“A timely and important book about the algorithmic processes that play such central roles in our emerging information society. Pasquale explores the abuses that have resulted from insufficient transparency and exposes the inability of either markets or regulators to instill appropriate levels of accountability. He is not a reflexive technology-basher, however, but instead offers judicious reform proposals.”―Julie E. Cohen, author of Configuring the Networked Self: Law, Code, and the Play of Everyday Practice
“Frank Pasquale’s new book on the secret algorithms that motor the monstrous heart of big data is a timely work of non-fiction, a ‘true conspiracy’ about regulatory weakness in the face of technological hubris and greed.”―Jonathon Sturgeon, Flavorwire
“Frank Pasquale’s notable new book, The Black Box Society, tries to come to grips with the dangers of ‘runaway data’ and ‘black box algorithms’ more comprehensively than any other book to date…It’s an important read for anyone who is interested in the hidden pitfalls of ‘big data’ and who wants to understand just how quantified our lives have become without our knowledge.”―David Auerbach, Slate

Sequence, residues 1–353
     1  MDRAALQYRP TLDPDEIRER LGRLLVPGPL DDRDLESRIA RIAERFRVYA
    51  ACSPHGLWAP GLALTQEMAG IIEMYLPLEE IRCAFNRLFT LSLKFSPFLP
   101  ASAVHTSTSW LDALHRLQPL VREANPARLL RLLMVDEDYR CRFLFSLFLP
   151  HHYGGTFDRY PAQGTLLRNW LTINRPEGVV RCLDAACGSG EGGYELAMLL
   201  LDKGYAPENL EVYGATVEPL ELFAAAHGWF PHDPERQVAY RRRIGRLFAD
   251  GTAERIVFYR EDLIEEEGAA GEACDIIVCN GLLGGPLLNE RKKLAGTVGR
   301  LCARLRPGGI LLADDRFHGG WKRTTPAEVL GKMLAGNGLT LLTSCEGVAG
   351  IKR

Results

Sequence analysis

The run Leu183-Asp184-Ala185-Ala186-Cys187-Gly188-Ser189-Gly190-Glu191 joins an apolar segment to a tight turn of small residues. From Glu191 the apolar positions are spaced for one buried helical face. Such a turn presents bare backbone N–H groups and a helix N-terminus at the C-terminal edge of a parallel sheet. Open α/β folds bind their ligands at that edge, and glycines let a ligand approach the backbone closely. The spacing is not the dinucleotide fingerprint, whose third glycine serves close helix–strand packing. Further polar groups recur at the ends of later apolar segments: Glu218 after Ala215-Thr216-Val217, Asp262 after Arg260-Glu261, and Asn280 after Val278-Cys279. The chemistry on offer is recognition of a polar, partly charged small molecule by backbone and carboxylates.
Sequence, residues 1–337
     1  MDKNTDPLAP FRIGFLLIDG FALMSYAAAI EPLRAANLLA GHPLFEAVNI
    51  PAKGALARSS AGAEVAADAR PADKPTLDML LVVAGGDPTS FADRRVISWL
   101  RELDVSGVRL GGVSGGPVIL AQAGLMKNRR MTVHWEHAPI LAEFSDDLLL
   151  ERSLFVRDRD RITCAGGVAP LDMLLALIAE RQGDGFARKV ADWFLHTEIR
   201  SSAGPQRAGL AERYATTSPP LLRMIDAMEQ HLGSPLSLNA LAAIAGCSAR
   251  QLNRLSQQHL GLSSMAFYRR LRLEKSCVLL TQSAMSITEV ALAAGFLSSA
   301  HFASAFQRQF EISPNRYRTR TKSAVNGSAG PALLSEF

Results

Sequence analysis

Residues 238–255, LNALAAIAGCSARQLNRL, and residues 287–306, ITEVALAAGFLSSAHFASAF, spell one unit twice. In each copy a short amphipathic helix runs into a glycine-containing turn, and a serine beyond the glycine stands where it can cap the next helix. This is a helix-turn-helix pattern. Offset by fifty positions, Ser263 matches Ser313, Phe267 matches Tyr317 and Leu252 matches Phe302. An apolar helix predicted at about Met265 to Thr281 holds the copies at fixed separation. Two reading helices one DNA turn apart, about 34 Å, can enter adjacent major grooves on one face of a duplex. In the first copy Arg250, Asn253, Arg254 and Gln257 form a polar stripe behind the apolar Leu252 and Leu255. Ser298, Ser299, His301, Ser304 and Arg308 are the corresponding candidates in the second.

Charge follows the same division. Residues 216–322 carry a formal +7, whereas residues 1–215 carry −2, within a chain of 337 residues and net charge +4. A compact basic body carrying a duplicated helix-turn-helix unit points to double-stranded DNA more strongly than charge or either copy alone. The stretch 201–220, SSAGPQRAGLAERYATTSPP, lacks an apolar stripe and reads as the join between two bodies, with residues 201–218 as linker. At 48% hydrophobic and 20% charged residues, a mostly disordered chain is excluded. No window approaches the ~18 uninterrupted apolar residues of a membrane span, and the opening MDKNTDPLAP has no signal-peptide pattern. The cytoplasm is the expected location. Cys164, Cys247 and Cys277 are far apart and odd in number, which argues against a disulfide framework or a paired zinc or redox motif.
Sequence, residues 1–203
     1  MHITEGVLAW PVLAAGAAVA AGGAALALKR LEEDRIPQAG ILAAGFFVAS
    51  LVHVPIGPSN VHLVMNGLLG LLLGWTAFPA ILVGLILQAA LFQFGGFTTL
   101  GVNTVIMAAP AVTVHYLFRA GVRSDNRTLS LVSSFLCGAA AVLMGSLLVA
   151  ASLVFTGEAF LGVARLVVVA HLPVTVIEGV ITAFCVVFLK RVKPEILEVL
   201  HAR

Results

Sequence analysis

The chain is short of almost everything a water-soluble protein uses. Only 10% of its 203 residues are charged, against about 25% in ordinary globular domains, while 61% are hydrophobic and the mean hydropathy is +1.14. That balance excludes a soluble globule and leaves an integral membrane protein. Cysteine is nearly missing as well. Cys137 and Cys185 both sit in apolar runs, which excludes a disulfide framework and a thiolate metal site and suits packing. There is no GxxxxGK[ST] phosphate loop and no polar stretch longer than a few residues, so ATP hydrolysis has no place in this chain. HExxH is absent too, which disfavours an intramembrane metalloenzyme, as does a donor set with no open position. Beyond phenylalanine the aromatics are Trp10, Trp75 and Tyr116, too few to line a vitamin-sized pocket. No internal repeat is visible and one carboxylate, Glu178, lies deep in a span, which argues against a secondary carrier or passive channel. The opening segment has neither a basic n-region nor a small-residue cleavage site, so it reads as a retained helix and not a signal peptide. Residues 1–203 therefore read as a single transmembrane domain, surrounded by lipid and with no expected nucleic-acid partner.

“Everyone who uses the Internet for entertainment, education, news or commerce is implicated in a web of data collection whose breadth surpasses ordinary awareness…As [Pasquale’s] exposé…shows, this is a society in which basic functions are performed in deliberate obscurity through the collection and algorithmic manipulation of personal data…In The Black Box Society, Pasquale finds reason to believe that even some of the most secretive and unresponsive institutions can be held to account. Elucidating the problem is a first step.”―Steven Aftergood, Nature
“The Black Box Society is a frightening portrait of the ever more powerful shadowy world that blocks light from reaching our everyday lives. It is also a call to action, with a range of suggestions that inevitably pale in comparison to the gargantuan task at hand. But small steps sometimes have outsize consequences. Just ask the folks who control what we see, influence what we buy, and determine whether we can pay for it.”―Brenda Jubin, Reading the Markets